On April 1, A Better Balance hosted a convening event, “An Unprecedented Crisis of Care: Building Better Workplace Policies for Working Families,” with our partners at Better Life Lab. The event brought together workers, caregivers, business experts, thought leaders, and work-family justice advocates to discuss the challenges facing working families, and how we can work together to push forward the innovative policy solutions we need.
The first panel, “Putting Front Line Workers Front and Center,” highlighted worker leadership in the fight for work-family justice, featuring several workers A Better Balance has connected with and assisted through our free legal helpline, and have partnered with as they use their voices in the fight for change.
Tasha Murrell, a Tennessee-based, former warehouse worker at XPO Logistics, spoke about the unjust treatment she received from her employer during her pregnancy. Despite receiving a doctor’s note saying she needed a lifting restriction and complaining of extreme stomach pain, she was forced to continue lifting on the job. One day, she told a supervisor she was in pain and asked to leave early; the manager said no. Tragically, she had a miscarriage the next day. “Pregnant women need reasonable accommodations right now. it can be life or death. We need policies and safety nets that support women,” said Murrell.
We also heard from Dreama James, a Georgia-based, fast food worker, who shared her experience lacking care for her son when his elementary school closed due to covid. She exhausted the 12 weeks of federal emergency paid leave she had available to her, and asked her employer if her son could come with her to work while he did his remote schooling. She was told that the restaurant was “not a daycare.” She and her family could not afford to lose her income, leaving her in an impossible bind. “It shouldn’t be that we have to choose between our families and our jobs. Our children come first,” she said.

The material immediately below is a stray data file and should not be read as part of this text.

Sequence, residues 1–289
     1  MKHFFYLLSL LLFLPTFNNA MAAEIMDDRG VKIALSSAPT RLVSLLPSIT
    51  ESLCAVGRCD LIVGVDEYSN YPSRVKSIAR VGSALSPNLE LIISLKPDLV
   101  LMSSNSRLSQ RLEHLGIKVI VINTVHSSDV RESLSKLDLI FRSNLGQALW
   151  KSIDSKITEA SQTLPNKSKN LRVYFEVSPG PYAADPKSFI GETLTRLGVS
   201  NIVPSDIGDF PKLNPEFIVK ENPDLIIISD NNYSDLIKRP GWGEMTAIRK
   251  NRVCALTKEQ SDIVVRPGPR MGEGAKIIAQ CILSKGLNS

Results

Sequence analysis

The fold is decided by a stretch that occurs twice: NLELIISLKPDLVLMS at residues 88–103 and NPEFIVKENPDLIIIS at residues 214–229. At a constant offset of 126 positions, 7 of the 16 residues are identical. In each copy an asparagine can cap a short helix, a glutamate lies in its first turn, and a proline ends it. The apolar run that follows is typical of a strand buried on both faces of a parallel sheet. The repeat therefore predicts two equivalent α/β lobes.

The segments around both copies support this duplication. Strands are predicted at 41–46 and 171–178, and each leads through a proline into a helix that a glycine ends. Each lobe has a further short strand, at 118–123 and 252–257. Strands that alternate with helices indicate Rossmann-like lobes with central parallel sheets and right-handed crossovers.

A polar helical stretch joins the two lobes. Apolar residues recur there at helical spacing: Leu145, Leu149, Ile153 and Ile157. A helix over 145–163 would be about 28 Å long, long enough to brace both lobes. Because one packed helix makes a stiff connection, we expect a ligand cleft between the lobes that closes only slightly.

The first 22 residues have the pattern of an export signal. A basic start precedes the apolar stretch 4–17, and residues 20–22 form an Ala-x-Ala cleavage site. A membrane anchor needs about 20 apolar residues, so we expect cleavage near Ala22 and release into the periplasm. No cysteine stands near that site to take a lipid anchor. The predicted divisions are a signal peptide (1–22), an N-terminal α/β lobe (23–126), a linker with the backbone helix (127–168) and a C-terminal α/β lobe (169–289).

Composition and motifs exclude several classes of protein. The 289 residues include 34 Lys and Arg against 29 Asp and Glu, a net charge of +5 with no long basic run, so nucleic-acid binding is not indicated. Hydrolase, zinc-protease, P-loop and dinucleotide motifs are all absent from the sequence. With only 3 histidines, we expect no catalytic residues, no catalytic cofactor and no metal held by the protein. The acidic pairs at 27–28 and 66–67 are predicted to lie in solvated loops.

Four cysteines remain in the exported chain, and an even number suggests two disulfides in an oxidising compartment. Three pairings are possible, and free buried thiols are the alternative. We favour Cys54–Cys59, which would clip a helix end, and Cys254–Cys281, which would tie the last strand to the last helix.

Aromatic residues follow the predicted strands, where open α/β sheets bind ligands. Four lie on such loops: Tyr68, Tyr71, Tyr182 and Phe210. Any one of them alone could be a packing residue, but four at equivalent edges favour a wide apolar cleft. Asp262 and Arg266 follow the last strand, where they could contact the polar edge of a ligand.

Finally, Virginia James, a current A Better Balance client who lives in South Carolina, shared her story of being fired from her job at Walmart after accumulating too many “points” due to absences related to her disability. She had worked there for ten years. “It was the most hurtful thing in the world… the point system is cruel, especially to those who work very hard,” said James.
We are grateful to Tasha, Dreama, and Virginia for sharing their stories and calling for change. It is an honor to fight alongside them.
Following excellent remarks from Council of Economic Advisers’ Heather Boushey and Center for American Progress’ Jocelyn Frye, the second panel, “How Federal Law is Failing Working Families & How We Move Forward,” featured experts from A Better Balance, New America, UnidosUS, Bright Start Early Care & Preschool, and the US Chamber of Commerce. The discussion centered around how we can center the lived experiences of workers and caregivers in our policymaking to ensure equitable and inclusive solutions. The panelists agreed that by centering the voices and experiences of low wage workers and women of color in particular, who have been disproportionately impacted by the care crisis, we can build stronger systems of work and care that work for everyone, including by implementing quality, affordable childcare, paid leave for all, the Pregnant Workers Fairness Act, an end to abusive attendance policies, fair and flexible scheduling, and robust enforcement of our laws.